The Court of Appeals affirms the commission decision reversing a deputy commissioner and awarding employee continuing medical benefits for a psychiatric condition resulting from his work-related injury in 1996; the commission properly considered the expert reports and determined employee met his burden of proof.
Employee, an assistant coal mine foreman, slipped and fell as he was walking in a mine in April 1996. He was awarded temporary total disability and ongoing medical benefits. Four months after his injury, in August 1996, an orthopedic surgeon referred him to a psychiatrist for depression. Employee was hospitalized for depression and suicidal ideation in April 1997. In July 1998 and early 1999, employee was prescribed medications for depression as part of his ongoing mental health treatment. He also saw a psychologist for more than seven years. Employer requested independent medical examinations (IMEs) in 2004 and 2011; the IME physician concluded that employee was malingering; employee’s physicians and psychologist strongly disagreed; the IME physician prepared a supplemental report in May 2012, after employer stopped payments for the prescription medications in April 2012. A deputy commissioner agreed with employer but the full commission reversed finding the medications were reasonable, necessary and causally related to employee’s work accident.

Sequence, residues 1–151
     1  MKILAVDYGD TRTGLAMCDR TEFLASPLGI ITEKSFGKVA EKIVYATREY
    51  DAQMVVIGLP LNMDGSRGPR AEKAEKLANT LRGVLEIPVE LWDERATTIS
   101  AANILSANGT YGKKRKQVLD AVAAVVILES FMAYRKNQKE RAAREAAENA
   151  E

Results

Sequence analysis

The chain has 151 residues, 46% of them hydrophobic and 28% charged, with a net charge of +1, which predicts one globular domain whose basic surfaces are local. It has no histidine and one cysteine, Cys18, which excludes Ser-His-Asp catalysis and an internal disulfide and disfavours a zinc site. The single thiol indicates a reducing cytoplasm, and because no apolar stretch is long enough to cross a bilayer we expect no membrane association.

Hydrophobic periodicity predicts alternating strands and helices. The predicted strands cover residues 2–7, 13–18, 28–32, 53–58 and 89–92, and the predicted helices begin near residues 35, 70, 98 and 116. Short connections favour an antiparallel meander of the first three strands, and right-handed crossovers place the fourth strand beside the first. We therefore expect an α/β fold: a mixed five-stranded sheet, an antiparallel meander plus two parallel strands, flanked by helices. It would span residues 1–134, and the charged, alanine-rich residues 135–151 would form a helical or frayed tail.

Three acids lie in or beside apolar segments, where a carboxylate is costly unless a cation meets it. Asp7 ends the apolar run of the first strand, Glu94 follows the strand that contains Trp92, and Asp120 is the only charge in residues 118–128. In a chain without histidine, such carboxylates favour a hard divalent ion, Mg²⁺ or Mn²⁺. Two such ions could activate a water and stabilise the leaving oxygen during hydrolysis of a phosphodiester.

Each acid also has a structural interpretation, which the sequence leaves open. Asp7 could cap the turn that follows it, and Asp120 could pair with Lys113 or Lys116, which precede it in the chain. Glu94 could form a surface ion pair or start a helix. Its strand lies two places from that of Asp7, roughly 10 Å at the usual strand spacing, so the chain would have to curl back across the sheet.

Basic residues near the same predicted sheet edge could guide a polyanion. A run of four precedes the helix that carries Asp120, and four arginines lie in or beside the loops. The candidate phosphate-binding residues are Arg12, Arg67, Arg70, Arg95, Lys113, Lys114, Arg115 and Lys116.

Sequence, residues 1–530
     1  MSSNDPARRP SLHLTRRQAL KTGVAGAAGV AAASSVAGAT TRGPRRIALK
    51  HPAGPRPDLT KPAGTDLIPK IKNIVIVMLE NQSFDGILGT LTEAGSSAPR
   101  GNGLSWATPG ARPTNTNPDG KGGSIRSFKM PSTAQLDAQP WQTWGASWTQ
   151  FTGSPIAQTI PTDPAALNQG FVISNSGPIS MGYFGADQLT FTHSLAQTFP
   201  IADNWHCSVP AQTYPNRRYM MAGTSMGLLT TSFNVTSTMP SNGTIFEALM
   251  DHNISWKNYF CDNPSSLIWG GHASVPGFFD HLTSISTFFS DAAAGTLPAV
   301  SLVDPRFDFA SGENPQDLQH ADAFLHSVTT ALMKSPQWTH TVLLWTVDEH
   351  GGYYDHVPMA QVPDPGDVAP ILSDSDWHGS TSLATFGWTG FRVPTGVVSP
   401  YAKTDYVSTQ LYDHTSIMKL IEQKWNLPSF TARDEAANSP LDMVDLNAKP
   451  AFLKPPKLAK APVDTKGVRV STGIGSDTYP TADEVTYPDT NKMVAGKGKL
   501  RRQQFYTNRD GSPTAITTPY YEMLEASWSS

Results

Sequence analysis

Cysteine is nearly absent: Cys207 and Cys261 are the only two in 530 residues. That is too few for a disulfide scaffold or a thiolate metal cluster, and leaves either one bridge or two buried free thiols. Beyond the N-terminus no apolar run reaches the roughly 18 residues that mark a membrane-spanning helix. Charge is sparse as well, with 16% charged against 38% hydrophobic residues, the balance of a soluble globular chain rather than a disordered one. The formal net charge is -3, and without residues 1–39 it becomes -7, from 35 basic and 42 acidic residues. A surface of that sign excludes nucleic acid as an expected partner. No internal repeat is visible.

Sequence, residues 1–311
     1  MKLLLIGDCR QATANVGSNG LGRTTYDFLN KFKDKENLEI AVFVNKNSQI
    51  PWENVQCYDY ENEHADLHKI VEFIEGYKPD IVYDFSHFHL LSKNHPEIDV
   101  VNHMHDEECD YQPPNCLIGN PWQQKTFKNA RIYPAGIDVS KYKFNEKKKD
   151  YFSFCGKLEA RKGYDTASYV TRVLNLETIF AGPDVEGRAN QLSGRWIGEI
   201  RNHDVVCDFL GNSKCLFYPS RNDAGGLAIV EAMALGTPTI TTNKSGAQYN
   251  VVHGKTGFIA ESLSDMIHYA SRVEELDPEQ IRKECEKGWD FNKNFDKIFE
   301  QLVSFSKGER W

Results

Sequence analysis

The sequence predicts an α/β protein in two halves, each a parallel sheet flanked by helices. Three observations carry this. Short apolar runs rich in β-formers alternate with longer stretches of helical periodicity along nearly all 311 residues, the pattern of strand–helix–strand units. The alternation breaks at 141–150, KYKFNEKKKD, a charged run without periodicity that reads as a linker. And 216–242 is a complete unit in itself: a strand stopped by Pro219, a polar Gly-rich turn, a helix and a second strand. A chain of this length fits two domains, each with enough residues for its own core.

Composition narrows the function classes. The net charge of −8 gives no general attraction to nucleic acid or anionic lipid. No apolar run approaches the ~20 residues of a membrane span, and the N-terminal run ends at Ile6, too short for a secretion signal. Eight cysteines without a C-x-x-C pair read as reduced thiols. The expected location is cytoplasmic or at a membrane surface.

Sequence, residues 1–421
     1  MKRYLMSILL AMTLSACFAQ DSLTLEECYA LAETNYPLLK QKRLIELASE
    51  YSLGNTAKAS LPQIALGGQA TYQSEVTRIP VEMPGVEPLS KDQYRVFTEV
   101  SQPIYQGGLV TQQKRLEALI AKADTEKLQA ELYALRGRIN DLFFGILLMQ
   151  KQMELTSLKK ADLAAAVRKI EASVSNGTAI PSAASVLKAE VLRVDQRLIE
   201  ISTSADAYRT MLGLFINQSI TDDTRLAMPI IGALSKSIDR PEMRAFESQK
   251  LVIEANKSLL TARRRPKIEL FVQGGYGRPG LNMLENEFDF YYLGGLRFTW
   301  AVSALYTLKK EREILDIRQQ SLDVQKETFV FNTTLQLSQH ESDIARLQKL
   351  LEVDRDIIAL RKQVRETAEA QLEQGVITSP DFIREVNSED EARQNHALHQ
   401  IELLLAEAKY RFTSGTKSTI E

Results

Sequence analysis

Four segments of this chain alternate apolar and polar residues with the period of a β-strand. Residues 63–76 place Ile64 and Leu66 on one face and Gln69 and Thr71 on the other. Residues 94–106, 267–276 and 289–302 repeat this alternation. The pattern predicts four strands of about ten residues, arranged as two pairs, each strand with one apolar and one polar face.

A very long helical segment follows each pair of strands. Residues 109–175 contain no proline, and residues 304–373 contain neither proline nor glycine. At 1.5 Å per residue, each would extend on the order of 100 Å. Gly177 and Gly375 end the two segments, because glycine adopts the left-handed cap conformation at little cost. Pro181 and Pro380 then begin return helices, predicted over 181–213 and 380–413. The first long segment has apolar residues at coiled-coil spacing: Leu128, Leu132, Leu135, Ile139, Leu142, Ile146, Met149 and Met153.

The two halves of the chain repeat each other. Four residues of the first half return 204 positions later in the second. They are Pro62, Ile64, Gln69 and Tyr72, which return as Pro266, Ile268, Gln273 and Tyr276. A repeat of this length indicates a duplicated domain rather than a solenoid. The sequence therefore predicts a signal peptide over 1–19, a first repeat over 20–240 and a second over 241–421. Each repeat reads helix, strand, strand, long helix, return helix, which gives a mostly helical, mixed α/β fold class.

On appeal, employer contends the commission erred in failing to consider the IME physician’s supplemental report and improperly shifted the burden of proof to employer to negate causation. We disagree and affirm. Employer did not even specifically cite the supplemental report in its briefings to the commission, nor seek reconsideration on that basis. We presume the commission thoroughly reviewed the record; there is no requirement to mention every scrap of evidence. The commission discussed in detail the deputy commissioner’s decision that specifically mentions the supplemental report. Unlike McMurphy Coal Co. v. Miller, 20 Va. App. 57 (1995), cited by employer, the commission did not refuse to consider relevant evidence. Employer’s contention that the commission improperly shifted the burden of proof is not well founded. The commission expressly found the employee met his burden of proof on causation. We are not concerned with employer’s criticism of the commission’s opinion as not well-reasoned and lacking in detail; our review is for conformity to the law.
Island Creek Coal Co. v. King (McCullough) No. 1120-13-3, Dec. 17, 2013; Workers’ Comp. Comm’n, Nate D. Moore for appellants; Jeffrey M. Summers for appellee. VLW 013-7-355(UP), 7 pp.